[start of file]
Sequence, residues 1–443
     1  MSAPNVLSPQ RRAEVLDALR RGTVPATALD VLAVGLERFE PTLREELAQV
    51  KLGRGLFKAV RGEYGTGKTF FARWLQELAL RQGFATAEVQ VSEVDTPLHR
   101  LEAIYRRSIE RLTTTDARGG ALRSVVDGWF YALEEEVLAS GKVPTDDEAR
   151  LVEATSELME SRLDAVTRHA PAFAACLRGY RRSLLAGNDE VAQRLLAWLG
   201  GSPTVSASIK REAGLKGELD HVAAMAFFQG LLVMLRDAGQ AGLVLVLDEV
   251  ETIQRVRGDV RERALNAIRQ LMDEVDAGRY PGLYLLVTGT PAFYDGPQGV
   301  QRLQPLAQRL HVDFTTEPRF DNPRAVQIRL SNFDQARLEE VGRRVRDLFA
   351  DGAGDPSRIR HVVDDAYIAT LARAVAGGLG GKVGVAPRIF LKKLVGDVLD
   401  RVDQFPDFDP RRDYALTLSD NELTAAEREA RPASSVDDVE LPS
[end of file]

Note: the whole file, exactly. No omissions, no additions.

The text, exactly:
Sequence, residues 1–443
     1  MSAPNVLSPQ RRAEVLDALR RGTVPATALD VLAVGLERFE PTLREELAQV
    51  KLGRGLFKAV RGEYGTGKTF FARWLQELAL RQGFATAEVQ VSEVDTPLHR
   101  LEAIYRRSIE RLTTTDARGG ALRSVVDGWF YALEEEVLAS GKVPTDDEAR
   151  LVEATSELME SRLDAVTRHA PAFAACLRGY RRSLLAGNDE VAQRLLAWLG
   201  GSPTVSASIK REAGLKGELD HVAAMAFFQG LLVMLRDAGQ AGLVLVLDEV
   251  ETIQRVRGDV RERALNAIRQ LMDEVDAGRY PGLYLLVTGT PAFYDGPQGV
   301  QRLQPLAQRL HVDFTTEPRF DNPRAVQIRL SNFDQARLEE VGRRVRDLFA
   351  DGAGDPSRIR HVVDDAYIAT LARAVAGGLG GKVGVAPRIF LKKLVGDVLD
   401  RVDQFPDFDP RRDYALTLSD NELTAAEREA RPASSVDDVE LPS